OVERTONE SINGING - A Western Therapeutic Perspective and Oriental example
Overtone singing is an ancient technique that enables a singer to produce 2 or more sounds simultaneously with his or her voice. Overtone singing as a technique and cultural or spiritual musical artform, developed in Mongolia , Southern Siberia and Central Asia, in Tibet , and in South Africa . It also is used to a lesser degree in Sardinia , the only ancient form of European overtone singing that is still practiced. Many theories exist that overtone singing once had a ritual and spiritual use in Kabbalistic ceremonies, Masonic lodges, mystery schools and Sufi practices. Overtones, known also as harmonics, were first discovered in the West by Pythagoras some 2 600 years ago. The famous Greek philosopher and mathematician was also a musician, and together with his students spent years studying sound and vibration. He found, after studying the monochord, a single stringed instrument, that all sounds were composed of multiple vibrations or frequencies, not just one, as our ears generally perceive. In much the same way that white light is made up of a wide spectrum of colours, which become visible when the light is refracted through a prism, sound too can be refracted so that its constituent parts can be perceived. Just as the rainbow is made up of the colours that the human eye sees as white light, overtones (harmonics) are the colours of sound. These overtones, which usually go unnoticed, are actually vitally important for all human beings, and allow us to differentiate between one sound and another. It is the richness of the overtones in certain parts of the infinite spectrum of sound which help us to tell the difference between one musical instrument and another, even when they both play the same musical note. Our brain can tell immediately whether a certain note has been played by a flute, a guitar or a piano. If the overtones are filtered out, we become unable to distinguish between these instruments. The human voice is the musical instrument richest in overtones, due to our ability to make the tiniest of adjustments at will, thus fine-tuning the voice beyond the capacity of most musical instruments.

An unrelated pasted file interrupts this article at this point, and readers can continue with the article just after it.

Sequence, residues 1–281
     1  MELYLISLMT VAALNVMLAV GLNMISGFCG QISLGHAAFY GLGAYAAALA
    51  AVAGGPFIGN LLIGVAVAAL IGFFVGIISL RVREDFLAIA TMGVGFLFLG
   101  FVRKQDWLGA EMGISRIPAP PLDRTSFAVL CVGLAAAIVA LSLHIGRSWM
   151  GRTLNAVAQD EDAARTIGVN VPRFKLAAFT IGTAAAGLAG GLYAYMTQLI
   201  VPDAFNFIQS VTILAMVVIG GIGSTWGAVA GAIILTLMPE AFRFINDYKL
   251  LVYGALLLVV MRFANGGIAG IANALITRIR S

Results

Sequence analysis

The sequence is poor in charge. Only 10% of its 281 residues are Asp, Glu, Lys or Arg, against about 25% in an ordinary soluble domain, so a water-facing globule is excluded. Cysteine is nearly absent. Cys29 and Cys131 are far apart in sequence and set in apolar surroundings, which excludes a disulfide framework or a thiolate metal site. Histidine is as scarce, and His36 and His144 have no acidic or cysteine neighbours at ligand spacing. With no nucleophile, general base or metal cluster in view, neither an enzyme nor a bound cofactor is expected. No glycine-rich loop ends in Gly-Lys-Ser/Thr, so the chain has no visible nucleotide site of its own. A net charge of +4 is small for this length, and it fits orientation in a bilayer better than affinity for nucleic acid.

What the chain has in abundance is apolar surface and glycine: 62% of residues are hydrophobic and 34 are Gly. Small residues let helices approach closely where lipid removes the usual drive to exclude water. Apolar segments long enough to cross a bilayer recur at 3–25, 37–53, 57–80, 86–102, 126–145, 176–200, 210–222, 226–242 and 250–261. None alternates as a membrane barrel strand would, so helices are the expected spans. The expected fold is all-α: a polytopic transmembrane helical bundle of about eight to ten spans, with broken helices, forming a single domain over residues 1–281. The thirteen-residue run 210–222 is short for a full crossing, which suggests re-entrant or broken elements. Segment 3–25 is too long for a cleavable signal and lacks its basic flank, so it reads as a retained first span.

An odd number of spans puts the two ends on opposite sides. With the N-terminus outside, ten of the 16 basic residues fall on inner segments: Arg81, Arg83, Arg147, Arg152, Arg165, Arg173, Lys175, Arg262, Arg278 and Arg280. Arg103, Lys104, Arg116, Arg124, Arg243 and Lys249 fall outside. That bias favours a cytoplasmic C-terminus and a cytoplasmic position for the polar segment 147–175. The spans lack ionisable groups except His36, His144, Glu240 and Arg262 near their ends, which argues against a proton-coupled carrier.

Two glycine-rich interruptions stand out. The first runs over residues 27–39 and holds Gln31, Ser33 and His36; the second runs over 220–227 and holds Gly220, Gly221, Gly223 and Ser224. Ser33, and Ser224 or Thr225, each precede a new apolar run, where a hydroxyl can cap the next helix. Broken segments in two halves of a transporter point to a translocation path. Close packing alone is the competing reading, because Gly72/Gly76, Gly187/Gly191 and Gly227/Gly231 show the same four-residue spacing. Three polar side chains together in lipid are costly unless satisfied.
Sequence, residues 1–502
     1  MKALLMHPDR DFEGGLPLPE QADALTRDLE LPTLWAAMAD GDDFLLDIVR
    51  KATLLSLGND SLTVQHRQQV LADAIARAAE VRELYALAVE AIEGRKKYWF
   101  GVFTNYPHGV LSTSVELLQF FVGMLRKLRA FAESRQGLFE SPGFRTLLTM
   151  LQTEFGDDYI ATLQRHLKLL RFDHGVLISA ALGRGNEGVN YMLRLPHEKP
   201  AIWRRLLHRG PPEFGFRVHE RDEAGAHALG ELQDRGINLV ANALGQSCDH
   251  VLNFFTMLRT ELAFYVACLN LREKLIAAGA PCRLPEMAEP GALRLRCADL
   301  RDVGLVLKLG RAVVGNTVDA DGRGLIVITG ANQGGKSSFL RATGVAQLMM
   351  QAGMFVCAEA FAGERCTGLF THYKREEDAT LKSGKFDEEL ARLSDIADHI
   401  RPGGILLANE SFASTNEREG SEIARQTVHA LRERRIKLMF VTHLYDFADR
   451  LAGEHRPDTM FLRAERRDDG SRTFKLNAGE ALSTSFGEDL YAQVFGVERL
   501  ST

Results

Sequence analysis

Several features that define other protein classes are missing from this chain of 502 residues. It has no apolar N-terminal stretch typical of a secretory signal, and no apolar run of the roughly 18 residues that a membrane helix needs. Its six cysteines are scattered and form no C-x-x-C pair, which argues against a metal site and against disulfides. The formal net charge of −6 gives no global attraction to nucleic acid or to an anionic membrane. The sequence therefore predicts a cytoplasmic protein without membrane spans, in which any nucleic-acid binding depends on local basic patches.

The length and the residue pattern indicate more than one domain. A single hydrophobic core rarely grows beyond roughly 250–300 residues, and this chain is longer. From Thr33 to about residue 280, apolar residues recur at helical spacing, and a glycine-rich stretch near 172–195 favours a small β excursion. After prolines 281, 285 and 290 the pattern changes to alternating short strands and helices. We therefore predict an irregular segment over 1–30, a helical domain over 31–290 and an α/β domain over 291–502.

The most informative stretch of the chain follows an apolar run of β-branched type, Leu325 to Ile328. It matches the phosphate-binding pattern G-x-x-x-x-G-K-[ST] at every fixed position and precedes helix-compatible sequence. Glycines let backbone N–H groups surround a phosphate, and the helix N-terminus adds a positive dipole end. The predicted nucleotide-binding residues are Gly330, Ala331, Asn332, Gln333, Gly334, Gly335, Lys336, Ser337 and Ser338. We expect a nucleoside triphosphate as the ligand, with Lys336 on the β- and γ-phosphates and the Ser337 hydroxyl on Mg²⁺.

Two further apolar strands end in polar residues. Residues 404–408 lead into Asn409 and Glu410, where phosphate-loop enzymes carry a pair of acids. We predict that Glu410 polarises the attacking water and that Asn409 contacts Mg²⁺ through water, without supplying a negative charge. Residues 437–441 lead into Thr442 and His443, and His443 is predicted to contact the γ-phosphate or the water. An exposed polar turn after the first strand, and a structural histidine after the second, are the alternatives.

Source: http://www.globalsoundhealing.net/es/node/18 Overtone Singing, A Western Therapeutic Perspective